Acclaimed pianist Anna Kislitsyna stuns on PIANO SPECTRUMS, a profoundly emotive selection of aesthetic contemporary pieces – and a world-class interpretation ranging from tender filigree to unbridled, seething virtuosity. All the more outstanding, then, is how Kislitsyna scintillates with her wonderful, singing touch and musical sensitivity, effortlessly unifying ten unique voices into an album that is greater than the sum of its parts.
Today, Anna is our featured artist in “The Inside Story,” a blog series exploring the inner workings and personalities of our composers and performers. Read on to learn about the composers that have impacted her most over the years, and the ways she believes love and care can impact one’s musicianship…
Do you have any specific hopes about what this album will mean to listeners?
I believe this album is truly a representation of modern piano music. It has so many influences from various musical styles such as jazz, pop music, music from theater and cinematography, as well as some influence of classicism, impressionism, minimalism, and modernism. This is why we decided to call it PIANO SPECTRUMS. For the listener it will be interesting to discover what piano music of the 21st century sounds like, and it all can be found in one beautiful album.
Who are your musical mentors?
I was very lucky to have outstanding teachers from the very beginning of my education. I started studying with Galina Tavrovskaya when I was 5 years old. She was a great specialist of J.S. Bach’s music. Under her guidance I learned and performed a lot of his keyboard compositions. Then I studied with Larisa Smeshko and Mary Lebenzon – two incredible pianists with whom I learned multiple piano concerti and explored much of the repertoire of the Classical and Romantic era. When I moved to the United States, my teachers were Dr. Igor Resnianski, Lambert Orkis, Dr. Charles Abramovic, and Dr. Joyce Lindorff. During this period, my interest shifted towards contemporary music and harpsichord playing.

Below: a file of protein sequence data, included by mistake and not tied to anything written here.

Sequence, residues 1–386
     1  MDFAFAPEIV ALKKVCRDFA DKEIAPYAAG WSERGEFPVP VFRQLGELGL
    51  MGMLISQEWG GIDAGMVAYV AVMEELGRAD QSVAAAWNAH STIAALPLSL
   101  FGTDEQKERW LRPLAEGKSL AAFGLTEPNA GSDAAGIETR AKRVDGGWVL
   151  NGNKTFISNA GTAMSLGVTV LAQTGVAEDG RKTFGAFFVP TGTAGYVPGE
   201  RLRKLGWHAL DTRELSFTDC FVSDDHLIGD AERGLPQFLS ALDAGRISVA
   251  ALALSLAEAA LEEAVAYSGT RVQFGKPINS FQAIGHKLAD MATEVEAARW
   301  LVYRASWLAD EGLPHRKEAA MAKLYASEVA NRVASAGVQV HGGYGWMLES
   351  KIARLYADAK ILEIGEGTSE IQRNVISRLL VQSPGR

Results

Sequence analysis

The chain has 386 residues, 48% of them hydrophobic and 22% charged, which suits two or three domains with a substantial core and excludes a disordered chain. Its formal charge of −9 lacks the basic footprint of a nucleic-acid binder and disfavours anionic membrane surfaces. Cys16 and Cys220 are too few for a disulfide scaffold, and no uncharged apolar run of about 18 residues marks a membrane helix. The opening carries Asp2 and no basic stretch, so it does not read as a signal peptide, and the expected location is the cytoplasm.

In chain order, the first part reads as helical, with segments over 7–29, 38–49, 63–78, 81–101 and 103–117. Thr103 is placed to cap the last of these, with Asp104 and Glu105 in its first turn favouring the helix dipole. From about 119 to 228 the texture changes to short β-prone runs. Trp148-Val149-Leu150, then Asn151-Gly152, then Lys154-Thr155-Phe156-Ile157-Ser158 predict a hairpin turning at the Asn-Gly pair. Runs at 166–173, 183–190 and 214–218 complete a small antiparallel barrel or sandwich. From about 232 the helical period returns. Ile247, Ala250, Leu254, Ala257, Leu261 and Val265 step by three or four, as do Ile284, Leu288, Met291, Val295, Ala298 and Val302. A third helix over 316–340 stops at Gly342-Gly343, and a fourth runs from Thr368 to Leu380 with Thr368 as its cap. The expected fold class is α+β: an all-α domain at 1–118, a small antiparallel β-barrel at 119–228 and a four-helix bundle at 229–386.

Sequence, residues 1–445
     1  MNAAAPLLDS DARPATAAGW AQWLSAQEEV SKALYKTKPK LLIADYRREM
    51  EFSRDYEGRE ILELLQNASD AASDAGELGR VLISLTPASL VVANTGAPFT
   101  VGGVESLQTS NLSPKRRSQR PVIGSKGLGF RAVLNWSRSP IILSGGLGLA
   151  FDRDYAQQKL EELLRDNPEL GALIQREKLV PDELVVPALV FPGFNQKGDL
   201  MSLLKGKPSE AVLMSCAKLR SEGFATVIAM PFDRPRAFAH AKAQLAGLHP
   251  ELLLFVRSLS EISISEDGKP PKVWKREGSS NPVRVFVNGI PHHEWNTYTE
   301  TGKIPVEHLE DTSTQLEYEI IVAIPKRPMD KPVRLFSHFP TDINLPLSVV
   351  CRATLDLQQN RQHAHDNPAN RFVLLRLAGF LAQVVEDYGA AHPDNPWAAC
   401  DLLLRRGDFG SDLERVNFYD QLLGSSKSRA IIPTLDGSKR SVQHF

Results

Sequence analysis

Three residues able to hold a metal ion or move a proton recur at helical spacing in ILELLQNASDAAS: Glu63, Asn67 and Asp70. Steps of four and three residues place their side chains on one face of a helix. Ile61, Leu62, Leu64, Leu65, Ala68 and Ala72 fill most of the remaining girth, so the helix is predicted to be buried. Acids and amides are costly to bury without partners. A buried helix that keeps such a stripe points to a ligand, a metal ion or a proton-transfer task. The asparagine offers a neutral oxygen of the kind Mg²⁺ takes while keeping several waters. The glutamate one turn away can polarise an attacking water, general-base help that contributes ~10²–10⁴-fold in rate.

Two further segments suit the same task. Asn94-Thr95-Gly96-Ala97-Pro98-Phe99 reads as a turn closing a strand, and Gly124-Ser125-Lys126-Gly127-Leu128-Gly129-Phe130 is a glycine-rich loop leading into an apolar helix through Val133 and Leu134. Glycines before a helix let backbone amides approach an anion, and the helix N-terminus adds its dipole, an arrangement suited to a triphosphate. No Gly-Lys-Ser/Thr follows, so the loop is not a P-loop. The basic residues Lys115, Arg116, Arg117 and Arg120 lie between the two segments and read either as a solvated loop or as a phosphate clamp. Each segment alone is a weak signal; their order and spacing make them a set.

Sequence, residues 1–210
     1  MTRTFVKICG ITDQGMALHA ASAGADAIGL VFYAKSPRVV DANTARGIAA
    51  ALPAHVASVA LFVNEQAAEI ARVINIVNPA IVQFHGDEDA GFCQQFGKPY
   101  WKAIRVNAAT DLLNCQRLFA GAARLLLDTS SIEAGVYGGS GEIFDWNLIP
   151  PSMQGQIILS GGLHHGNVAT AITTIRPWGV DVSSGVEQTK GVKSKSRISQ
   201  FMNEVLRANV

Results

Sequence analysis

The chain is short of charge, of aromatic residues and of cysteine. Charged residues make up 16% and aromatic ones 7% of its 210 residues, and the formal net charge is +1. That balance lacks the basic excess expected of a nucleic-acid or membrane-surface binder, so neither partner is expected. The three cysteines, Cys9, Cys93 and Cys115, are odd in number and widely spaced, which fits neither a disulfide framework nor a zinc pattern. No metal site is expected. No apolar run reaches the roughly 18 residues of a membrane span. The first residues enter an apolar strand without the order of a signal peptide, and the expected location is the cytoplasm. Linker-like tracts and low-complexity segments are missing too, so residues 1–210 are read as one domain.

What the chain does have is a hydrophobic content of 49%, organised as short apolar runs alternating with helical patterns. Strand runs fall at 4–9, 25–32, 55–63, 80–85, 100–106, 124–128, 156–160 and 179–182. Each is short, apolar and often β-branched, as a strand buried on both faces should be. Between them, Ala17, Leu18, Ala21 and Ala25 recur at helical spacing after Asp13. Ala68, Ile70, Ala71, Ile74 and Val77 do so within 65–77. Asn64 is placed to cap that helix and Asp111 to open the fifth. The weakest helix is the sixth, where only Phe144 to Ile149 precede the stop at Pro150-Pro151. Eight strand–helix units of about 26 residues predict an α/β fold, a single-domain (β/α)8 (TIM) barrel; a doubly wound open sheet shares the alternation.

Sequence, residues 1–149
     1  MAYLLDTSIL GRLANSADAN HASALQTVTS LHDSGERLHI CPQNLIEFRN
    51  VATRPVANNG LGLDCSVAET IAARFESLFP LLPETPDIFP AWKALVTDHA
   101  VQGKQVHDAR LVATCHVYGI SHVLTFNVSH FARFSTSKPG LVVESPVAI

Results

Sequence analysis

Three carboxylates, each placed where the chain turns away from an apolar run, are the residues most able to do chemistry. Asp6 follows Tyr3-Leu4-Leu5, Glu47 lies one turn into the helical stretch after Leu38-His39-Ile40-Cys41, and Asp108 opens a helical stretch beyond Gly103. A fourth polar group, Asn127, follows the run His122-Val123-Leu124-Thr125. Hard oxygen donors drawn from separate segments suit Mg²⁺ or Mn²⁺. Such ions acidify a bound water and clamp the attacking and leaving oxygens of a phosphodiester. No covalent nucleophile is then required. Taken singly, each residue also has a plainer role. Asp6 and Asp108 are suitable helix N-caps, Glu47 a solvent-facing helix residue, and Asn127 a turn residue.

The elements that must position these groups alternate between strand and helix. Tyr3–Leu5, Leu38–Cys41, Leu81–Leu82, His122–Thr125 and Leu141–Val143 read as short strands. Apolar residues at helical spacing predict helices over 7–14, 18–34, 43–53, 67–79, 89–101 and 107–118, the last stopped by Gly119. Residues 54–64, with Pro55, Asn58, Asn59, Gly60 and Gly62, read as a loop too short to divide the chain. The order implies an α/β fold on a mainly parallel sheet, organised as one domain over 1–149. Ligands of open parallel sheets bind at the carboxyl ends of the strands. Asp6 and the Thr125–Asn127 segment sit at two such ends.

How have your influences changed as you grow as a musician?
I love all musical eras, for me music is beautiful in general. But from time to time I am absolutely passionate and focused on the music of a particular composer. When I was 16 years old, my favorite composer was Sergei Prokofiev – I filled my life with his music by listening and performing his compositions, as well as reading all books about him and his music. With the passage of time my passion would shift to music of Liszt, Schumann, Rachmaninov, Ravel, Ives, and many more. The music of Olivier Messiaen inspired me to write a dissertation, articles, and perform at international conferences. I played his transcendental piano cycle Vingt Regards sur I’enfant Jesus many times. Recently, I focused on the music of Alfred Schnittke while writing another dissertation for my D.M.A. at Temple University as well as the harpsichord music of composers before J.S. Bach.
How do you prepare for a performance?
As all concert musicians, I practice a lot before performances. If I need to learn a large amount of new repertoire in a short period of time, I can practice 10-12 hours a day. At a certain point, when the program is learned, I perform the repertoire for a small audience to run it through. It helps me to see how it feels and to have a better understanding of what still needs to be improved. One of my run throughs before the Carnegie Hall recital is going to be in front of my students – I am interested to hear their opinion about this music in general as well as about my interpretation.
If we looked through your music library, what would we be surprised to find?
You would be surprised to find how much music from PARMA composers I have in my music library. There are hundreds of pages of modern compositions — we have truly recorded a lot of new music together. I think a quarter of my library is from PARMA.
What advice do you have for young musicians?
I have simple advice which I follow myself: it is truly important to create music and art with love. Knowledge, practicing, and many other different factors are important, but if things are approached with a lot of love and care, the hard work has more meaning and a deeper interpretation.